Letters: Texting at the Wheel, Not-So-Green Rails?

These Letters to the Editor appear in the Ded. 14 print edition of Transport Topics. Click here to subscribe today.

Texting at the Wheel

In a local newspaper, I recently read an editorial titled: “Truckers Should Not Be Texting While Driving.” The writer improperly quoted statistics and singled out the trucking industry as the problem.

After reading that article, I felt compelled to write a response. If my response would need a title, it would be, “When It Comes to Texting While Driving, Trucking Does Not Deserve the Blame.”

Distracted driving, texting while driving and cell-phone usage without a hands-free device create dangerous driving conditions, regardless of whether a person is behind the wheel of a tractor-trailer or a passenger vehicle.

In an effort to continue the trend of decreasing highway truck accidents, the majority of motor carriers already have instituted strict distracted-driving policies for their drivers.

The National Highway Transportation Safety Administration’s 2007 annual safety study illustrates that, since 2005, fatal accidents involving trucks have decreased by more than 20%. This same data set from the Fatality Analysis Reporting System shows that industry accidents have continued to decline into 2009. These numbers are very encouraging, given that the number of trucks on the road, as well as the total tonnage hauled, have increased, according to NHTSA data.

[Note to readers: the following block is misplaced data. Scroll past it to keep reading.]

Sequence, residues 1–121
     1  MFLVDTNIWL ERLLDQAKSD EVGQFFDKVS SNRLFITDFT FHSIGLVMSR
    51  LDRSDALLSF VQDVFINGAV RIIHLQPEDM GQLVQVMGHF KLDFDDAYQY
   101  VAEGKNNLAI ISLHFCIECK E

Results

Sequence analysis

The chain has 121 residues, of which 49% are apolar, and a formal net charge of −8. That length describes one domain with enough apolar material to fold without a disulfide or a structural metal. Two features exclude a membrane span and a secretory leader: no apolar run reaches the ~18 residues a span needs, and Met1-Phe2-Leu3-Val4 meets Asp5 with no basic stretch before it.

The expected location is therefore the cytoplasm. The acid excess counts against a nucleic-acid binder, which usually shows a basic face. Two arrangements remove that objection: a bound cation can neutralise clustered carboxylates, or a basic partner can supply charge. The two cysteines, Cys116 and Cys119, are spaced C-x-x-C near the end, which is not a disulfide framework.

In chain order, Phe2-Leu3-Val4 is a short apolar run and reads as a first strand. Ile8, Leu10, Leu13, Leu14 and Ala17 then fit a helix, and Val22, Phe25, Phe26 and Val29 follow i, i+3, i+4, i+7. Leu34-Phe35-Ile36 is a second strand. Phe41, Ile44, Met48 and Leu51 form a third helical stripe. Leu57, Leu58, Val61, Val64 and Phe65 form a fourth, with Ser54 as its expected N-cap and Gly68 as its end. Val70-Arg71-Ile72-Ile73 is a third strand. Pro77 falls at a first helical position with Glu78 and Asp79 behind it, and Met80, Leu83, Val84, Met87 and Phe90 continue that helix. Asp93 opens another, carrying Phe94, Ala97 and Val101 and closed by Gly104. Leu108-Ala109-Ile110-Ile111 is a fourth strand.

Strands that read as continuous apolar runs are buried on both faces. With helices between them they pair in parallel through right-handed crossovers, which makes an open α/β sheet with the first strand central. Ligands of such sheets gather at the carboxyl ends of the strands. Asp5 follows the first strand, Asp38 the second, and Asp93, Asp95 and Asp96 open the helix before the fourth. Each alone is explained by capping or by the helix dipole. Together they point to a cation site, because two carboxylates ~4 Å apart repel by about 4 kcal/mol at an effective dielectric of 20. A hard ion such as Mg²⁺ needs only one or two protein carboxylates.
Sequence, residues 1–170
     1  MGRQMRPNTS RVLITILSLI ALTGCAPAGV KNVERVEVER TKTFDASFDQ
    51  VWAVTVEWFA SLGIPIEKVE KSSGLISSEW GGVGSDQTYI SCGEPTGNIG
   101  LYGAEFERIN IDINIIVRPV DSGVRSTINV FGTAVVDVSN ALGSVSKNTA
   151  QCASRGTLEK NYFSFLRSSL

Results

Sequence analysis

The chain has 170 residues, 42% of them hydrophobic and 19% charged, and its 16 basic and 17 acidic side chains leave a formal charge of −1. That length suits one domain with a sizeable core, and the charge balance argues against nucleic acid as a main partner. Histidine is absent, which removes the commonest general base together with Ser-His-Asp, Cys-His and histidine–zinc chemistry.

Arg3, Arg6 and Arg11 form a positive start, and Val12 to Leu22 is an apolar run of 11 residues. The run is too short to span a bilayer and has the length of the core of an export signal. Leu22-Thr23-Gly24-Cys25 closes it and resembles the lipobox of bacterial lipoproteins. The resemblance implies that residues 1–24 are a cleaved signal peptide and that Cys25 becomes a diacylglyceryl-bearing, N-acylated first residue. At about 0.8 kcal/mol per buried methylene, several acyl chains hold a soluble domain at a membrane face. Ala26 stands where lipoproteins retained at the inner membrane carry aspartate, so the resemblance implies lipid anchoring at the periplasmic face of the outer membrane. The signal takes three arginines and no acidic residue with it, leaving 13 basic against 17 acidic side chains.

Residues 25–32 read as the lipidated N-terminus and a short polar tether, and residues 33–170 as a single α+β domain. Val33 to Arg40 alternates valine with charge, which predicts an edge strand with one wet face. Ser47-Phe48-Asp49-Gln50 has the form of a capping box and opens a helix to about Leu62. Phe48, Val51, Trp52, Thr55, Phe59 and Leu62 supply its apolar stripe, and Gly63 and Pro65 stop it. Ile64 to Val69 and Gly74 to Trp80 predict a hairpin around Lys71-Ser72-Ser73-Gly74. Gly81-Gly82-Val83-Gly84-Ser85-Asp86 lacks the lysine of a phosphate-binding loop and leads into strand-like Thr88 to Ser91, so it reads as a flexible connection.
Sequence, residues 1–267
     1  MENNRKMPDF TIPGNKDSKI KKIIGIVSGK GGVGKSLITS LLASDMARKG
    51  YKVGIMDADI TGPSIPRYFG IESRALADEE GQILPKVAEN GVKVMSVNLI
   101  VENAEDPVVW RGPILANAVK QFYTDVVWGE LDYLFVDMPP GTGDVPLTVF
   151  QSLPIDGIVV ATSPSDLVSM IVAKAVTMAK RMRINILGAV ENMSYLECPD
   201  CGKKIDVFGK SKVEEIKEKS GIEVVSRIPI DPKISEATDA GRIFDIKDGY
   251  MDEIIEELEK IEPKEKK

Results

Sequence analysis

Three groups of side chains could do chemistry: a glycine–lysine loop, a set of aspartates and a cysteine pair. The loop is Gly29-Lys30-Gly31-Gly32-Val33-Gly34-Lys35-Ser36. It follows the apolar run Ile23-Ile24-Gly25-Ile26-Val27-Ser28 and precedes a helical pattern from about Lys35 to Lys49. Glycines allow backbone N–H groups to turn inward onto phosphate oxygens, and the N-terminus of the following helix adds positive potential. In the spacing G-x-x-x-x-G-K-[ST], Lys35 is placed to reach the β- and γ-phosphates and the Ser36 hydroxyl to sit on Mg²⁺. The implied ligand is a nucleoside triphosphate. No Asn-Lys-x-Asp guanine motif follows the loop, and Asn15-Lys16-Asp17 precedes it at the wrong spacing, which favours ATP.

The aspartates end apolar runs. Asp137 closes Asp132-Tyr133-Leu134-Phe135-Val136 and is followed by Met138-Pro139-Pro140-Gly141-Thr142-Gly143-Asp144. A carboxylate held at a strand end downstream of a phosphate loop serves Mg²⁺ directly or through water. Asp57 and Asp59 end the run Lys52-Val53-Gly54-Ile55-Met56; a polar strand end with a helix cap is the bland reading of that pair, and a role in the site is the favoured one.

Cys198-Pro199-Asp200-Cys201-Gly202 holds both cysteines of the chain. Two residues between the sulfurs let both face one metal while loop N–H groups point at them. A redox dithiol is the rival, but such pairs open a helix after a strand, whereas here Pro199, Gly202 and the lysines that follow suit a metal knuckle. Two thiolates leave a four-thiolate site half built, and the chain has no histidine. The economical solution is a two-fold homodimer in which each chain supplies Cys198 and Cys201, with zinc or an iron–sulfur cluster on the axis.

I believe that these trends illustrate motor carriers’ commitment to improving the safety of America’s roads. Though drivers of large trucks are 23 times more at risk of a distracted-driving accident, at 8% they currently make up the lowest percentage of accidents, with the remaining percentage being spread among the NHTSA’s other four transportation categories studied.

Therefore, it is unfair to single out any one industry or mode of transportation in any legislation limiting the use of cell phones in vehicles. If such legislation is created, it should apply to all motor vehicles and not just to one segment of the driving public.

Myron Rau
South Dakota Trucking Association
Sioux Falls, S.D.

Not-So-Green Rails?

From this week’s “Opinion” column — “In Defense of Rail’s ‘Green’ Advantage” (12-7, p. 5; click here for previous piece) — this statement should be retracted:

“The study also confirmed that fuel savings from shipping by rail can be huge. For example, one scenario involving a shipment from Los Angeles to Chicago found that moving the freight by rail instead of by truck saved more than 80,000 gallons of fuel.”

Eighty-thousand gallons of fuel?

All we handle for Landstar is intermodal rail. I know a little about rail and being green: I was interviewed for a Feb. 6, 2009, article on Manufacturing.net’s Management News Now, titled “Intermodal Transportation, a Green Way to Ship.” The statement is very misleading, if not inaccurate.

Robert Bomba
Landstar Global Logistics
JEM Transportation
Fords, N.J.


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